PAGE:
Webb, a Marine Corps veteran, thinks more is in order. His proposal would cover four years of full tuition at the most expensive public institution in the state where the veteran enrolls, plus books, fees and $1,000 a month for living expenses. We owe this much, he says, to "our heroic veterans who have sacrificed so much for our great nation."
He has a point. Given the exceptional and unforeseen demands placed on today's regular military and reserves, there is nothing wrong with the nation deciding to thank the troops in a tangible way. But expanded college assistance isn't necessarily the best expression of gratitude.
In the first place, some people don't want to pursue higher education, and Webb's bill would leave them out in the cold. If we want to thank all our men and women in uniform, cash would be a better option. Some veterans could use the money to go to school, but others could use it to start a business or buy a home.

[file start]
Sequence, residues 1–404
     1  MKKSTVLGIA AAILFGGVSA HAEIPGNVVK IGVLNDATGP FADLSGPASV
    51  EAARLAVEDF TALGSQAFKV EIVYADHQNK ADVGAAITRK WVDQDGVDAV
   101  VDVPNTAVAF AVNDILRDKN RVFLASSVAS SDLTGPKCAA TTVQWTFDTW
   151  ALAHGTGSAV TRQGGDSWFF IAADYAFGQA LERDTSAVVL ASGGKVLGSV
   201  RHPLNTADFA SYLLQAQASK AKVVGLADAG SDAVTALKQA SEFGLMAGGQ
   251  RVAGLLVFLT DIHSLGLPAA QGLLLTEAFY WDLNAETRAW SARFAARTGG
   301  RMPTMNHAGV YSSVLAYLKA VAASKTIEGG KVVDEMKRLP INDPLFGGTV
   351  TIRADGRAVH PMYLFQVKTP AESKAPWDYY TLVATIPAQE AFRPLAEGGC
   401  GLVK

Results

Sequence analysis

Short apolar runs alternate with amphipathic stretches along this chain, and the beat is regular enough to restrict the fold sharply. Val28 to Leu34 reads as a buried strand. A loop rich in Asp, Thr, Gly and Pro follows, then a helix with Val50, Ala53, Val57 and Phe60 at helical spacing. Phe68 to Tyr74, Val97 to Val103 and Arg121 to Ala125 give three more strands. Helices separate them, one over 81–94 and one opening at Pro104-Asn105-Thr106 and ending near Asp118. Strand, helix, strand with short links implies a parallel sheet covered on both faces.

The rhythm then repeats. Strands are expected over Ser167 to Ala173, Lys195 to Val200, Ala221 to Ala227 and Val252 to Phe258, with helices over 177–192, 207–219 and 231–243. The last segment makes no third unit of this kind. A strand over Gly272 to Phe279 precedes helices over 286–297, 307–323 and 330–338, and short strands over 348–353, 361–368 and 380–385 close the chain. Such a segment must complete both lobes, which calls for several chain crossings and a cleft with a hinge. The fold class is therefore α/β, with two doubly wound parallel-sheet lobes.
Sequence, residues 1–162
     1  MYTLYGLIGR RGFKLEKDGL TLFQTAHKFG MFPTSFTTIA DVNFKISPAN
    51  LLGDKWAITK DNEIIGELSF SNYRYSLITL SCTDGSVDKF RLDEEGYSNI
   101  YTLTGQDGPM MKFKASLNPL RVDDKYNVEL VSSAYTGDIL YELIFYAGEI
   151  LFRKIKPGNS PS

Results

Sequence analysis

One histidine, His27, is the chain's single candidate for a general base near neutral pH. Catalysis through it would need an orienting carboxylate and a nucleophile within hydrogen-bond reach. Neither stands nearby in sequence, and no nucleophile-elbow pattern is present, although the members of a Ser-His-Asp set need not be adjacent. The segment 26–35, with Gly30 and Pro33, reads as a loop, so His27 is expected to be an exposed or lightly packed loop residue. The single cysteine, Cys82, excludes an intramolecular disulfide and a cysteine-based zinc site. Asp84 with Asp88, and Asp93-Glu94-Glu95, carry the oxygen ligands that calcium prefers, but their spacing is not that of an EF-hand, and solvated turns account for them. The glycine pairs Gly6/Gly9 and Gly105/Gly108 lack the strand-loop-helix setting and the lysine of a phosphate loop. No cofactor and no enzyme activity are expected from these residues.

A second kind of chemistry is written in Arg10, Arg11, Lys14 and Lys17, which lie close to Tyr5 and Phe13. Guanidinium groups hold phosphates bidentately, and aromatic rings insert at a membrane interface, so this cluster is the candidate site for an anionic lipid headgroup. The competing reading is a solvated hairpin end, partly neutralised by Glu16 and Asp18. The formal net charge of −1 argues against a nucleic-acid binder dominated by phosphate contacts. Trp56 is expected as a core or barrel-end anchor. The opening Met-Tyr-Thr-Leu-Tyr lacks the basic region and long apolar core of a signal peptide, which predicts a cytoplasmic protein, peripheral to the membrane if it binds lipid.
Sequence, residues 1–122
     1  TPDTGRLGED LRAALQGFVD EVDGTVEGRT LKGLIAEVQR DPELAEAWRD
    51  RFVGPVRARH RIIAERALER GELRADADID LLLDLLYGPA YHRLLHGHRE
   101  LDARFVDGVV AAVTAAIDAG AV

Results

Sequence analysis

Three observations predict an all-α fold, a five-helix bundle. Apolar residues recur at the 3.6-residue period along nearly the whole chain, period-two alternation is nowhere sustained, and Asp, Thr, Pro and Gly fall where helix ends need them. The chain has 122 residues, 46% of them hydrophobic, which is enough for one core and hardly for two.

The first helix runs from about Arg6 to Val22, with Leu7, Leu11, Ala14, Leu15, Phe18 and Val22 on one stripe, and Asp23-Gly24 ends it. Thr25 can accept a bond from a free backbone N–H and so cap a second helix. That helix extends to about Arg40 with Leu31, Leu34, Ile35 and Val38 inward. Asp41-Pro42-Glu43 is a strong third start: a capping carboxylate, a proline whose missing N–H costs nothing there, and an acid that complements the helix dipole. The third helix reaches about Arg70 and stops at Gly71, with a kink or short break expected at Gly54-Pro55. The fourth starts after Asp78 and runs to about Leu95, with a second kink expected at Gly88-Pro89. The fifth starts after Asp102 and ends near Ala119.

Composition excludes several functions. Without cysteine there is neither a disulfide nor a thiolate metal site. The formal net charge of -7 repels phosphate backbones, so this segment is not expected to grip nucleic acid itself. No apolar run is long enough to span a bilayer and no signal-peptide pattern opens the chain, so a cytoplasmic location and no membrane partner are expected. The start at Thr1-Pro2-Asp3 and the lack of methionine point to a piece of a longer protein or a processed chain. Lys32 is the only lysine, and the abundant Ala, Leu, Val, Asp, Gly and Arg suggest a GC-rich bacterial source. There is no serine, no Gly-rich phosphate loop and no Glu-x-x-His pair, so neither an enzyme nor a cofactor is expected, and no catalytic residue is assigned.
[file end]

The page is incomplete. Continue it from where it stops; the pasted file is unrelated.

In the second place, enriching educational benefits has a definite downside: It would complicate the task of keeping our overstretched military at full strength. John Warner, an economist at Clemson University who has studied the issue for the Pentagon, says additional aid could attract more recruits who want to go to college -- but could also stimulate those in uniform to pass up re-enlistment to pursue their education.
If the Webb program became law, Warner says, re-enlistment rates could drop by 5 to 10 percentage points. And some of those hitting the exits would take valuable skills that are hard to replace. Given the intense strains on the military, this is no time to be enticing its best soldiers to leave.
At the end of World War II, keeping people from leaving the military was the least of our problems. President Roosevelt and the 78th Congress tailored their efforts to the unique challenges they faced. The GI bill was perfect for its time, but that doesn't make it perfect for ours.
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